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Potential role of group IIC-attC introns in integron cassette formation.

ABSTRACT: Integrons are natural expression vectors in which gene cassettes are integrated downstream of a promoter region by a site-specific recombinase. Gene cassettes usually consist of a single gene followed by a recombination site designated attC. A major unanswered question is how a gene becomes associated with an attC site. Here, we investigate the potential role of a specific lineage of group IIC introns, named group IIC-attC, in cassette formation. Group IIC-attC introns preferentially target attC while retaining the ability to target transcriptional terminators. We show using a PCR-based mobility assay with Escherichia coli that the S.ma.I2 intron from the genome of a clinical isolate of Serratia marcescens can target both attC site and putative terminator motifs of resistance genes. Quantitative results showed that S.ma.I2 is more efficient in targeting various attC sequences than three group IIC-attC introns (54 to 64% sequence identity) from the genomes of environmental isolates. We also show that purified group IIC-attC intron-encoded reverse transcriptases have both RNA-dependent and DNA-dependent DNA polymerase activities in vitro. These data permit us to suggest a new model for gene cassette formation, in which a group IIC-attC intron targets separately a transcriptional terminator adjoining a gene and an isolated attC, joins the gene and the attC by homologous recombination, and then splices and reverse transcribes a gene-attC RNA template, leading to the formation of a cassette.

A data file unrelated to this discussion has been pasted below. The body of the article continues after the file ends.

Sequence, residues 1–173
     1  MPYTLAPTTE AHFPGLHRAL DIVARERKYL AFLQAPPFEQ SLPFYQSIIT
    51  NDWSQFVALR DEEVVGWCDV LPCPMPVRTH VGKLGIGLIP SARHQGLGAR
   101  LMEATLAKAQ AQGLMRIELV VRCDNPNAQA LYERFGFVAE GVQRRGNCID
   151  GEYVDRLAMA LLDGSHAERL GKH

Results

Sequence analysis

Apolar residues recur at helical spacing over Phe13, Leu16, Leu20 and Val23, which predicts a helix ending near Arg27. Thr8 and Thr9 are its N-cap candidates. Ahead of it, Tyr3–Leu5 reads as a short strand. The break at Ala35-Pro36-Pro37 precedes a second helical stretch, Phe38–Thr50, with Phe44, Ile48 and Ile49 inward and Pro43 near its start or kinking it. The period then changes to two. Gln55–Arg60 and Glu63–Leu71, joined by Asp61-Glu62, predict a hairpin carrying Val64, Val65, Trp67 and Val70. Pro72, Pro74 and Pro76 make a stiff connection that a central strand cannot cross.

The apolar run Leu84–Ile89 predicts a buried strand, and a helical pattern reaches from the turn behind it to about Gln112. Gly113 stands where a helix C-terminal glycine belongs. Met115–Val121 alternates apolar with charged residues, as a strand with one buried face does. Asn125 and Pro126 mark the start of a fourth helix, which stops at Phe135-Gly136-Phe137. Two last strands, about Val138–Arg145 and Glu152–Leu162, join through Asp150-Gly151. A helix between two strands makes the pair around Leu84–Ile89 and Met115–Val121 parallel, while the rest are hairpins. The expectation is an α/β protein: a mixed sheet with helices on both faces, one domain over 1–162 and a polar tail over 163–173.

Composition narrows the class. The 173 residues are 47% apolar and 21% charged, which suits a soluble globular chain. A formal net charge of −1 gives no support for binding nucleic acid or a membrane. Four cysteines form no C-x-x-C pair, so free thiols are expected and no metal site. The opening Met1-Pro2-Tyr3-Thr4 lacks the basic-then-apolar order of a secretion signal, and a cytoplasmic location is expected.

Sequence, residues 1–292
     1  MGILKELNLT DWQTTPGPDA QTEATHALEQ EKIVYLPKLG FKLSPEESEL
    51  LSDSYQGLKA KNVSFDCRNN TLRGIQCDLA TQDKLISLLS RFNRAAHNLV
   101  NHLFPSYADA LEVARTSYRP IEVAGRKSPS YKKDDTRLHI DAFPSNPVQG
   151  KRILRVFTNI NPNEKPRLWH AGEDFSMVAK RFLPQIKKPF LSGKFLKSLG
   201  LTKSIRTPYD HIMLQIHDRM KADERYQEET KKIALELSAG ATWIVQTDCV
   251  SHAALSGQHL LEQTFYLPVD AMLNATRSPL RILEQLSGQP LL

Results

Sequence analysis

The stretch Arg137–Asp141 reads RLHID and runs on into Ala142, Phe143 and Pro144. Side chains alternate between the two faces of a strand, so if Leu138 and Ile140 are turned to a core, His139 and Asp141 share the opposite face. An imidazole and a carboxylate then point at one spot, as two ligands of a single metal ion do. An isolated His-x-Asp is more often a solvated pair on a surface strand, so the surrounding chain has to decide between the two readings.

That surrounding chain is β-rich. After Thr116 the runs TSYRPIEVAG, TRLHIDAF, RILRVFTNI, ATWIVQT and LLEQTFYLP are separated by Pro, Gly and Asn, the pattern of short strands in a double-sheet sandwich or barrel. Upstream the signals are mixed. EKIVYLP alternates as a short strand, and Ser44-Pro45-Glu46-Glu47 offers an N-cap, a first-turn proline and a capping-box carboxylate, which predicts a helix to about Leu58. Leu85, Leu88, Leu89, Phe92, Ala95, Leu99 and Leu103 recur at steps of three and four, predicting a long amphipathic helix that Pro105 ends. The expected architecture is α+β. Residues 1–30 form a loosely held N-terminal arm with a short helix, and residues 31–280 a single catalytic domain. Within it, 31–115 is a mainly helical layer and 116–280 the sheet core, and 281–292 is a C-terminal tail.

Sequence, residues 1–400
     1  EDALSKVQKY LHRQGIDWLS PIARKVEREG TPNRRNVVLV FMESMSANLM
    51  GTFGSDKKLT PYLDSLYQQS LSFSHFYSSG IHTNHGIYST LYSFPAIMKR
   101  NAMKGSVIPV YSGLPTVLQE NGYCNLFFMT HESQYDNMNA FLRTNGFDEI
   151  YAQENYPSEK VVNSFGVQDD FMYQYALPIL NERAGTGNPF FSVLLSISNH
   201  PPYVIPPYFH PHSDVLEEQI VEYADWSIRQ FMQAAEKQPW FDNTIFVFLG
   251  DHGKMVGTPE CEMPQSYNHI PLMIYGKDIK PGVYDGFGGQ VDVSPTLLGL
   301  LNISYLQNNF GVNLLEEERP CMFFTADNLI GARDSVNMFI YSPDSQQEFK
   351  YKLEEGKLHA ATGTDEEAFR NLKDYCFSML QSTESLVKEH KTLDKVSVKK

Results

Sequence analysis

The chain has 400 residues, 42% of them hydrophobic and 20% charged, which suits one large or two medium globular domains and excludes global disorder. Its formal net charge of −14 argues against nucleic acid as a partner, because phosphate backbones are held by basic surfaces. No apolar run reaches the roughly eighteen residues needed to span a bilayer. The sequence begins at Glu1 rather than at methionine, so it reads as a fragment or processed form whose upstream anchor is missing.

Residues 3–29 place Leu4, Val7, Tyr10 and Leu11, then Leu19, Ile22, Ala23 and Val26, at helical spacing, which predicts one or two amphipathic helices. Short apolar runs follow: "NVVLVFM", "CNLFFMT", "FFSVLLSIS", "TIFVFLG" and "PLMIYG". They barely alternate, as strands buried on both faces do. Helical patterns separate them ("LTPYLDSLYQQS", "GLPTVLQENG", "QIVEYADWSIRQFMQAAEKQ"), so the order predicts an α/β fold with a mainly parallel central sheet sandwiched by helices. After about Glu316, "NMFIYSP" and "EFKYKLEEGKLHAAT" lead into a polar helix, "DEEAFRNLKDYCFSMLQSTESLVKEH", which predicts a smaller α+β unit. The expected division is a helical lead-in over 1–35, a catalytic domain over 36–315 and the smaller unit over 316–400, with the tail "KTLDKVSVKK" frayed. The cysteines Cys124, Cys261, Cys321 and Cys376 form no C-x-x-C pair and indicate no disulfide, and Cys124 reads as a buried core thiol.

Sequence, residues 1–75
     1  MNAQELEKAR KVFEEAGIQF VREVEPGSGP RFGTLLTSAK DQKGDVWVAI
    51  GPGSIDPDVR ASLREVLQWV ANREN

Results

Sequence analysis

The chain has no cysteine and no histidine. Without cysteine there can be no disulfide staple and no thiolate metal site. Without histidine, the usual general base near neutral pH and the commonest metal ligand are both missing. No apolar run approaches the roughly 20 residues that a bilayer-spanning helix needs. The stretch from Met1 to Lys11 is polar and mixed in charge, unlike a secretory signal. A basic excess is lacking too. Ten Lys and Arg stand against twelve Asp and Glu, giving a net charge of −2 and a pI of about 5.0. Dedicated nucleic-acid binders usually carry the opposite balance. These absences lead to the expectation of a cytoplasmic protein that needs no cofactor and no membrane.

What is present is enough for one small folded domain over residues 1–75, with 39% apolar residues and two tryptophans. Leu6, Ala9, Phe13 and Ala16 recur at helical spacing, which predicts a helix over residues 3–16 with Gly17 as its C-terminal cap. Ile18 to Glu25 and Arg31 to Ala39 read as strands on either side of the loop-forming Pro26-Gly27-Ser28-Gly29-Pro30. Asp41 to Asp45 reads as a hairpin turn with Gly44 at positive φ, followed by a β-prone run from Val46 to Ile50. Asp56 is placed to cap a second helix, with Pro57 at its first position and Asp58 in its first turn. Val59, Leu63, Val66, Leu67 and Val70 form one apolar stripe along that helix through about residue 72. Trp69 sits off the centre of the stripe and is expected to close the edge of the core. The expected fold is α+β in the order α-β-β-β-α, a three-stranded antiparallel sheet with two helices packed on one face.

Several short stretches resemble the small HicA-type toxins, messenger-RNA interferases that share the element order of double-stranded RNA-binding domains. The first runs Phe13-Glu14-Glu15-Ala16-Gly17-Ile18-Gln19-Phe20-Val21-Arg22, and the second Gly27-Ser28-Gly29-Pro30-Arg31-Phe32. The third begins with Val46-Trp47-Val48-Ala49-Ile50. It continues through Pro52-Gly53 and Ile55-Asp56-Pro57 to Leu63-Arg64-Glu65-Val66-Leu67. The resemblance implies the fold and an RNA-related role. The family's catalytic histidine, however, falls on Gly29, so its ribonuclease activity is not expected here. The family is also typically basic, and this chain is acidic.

PROVIDER: S-EPMC2747902 | BioStudies | 2009-01-01

REPOSITORIES: biostudies

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